• 3.6: The Economy and Government during the Soviet Era

      In this section, we see the perils associated with ignoring geography when making economic decisions. Russia's size poses formidable challenges when it comes to governance and the implementation of its economic goals. The Soviet Union's approach (1917–1991) proved costly and made life especially difficult during the Cold War.

    • 3.7: The Russian Federation

      Political, economic, and social uncertainty characterized the post-Soviet transition. Boris Yeltsin, the first president of the new Russian Federation, began reforming the Russian economy by privatizing state-owned enterprises. These reforms occurred so quickly that the transfer of state property and assets was handled informally.

      Well-connected entrepreneurs, who were successful on the black market during the Soviet era, became wealthy due to corrupt deals they made with former Soviet officials and newly-elected politicians. They exploited the voucher privatization system, which was intended to distribute national wealth among the general public and employees of privatized enterprises. Instead, the vouchers ended up in the hands of these well-connected entrepreneurs, who became known as oligarchs.

      Oligarchs are wealthy individuals who have undue political influence. They are often associated with corruption and are motivated by their own interests. During this time, the oligarchs of Russia weakened the economic conditions for average Russians by putting their money in Swiss bank accounts rather than investing in the Russian economy.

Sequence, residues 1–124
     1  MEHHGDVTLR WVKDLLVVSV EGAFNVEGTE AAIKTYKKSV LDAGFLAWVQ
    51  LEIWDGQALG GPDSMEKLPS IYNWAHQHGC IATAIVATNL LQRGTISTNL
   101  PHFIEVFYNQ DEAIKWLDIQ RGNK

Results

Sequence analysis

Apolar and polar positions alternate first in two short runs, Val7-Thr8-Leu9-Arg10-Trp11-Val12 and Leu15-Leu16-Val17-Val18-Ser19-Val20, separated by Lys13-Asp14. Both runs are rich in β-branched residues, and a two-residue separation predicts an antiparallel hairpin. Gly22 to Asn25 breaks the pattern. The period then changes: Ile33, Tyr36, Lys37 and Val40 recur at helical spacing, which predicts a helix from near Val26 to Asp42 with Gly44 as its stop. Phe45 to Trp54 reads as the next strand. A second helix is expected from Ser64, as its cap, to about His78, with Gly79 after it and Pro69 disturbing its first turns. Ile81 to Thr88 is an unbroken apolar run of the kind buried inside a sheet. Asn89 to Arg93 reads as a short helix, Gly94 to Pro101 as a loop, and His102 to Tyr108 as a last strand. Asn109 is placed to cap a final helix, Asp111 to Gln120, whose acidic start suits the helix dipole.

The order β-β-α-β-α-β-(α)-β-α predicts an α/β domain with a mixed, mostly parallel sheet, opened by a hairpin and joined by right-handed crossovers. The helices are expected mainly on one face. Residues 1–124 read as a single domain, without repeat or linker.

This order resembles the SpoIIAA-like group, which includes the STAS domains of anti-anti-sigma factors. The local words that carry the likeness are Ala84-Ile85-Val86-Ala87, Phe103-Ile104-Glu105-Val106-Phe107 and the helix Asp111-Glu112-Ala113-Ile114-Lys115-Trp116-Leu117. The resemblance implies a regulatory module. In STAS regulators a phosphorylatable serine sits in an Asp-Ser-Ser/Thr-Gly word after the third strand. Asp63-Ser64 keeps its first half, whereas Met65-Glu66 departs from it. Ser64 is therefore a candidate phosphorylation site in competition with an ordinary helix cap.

Russia's depressed economy created dire conditions for ordinary Russians. Well-connected entrepreneurs became wealthy overnight, while millions of Russians became poverty-stricken. Extreme corruption, criminal gangs, and organized crime increased dramatically. Although the long food lines had disappeared and access to Western goods and consumer products became much more widely available, Russians were increasingly dissatisfied with Yeltsin's leadership. Vladimir Putin replaced Yeltsin when he resigned in 1999. Putin has continued to serve as the president of the Russian Federation with the exception of one term.

      In 2000, the Russian economy improved when it began to export vast quantities of natural resources, including oil, natural gas, metals, and timber. Foreign investment in Russia increased in the mid-2000s as the Russian economy grew. Although Russia began to establish itself as a significant contributor to the global economy, its infrastructure and manufacturing base requires modernization, its birth rate and life expectancy remain low, and poverty and social problems affect much of the population.

    • Unit 3 Assessment

      • Receive a grade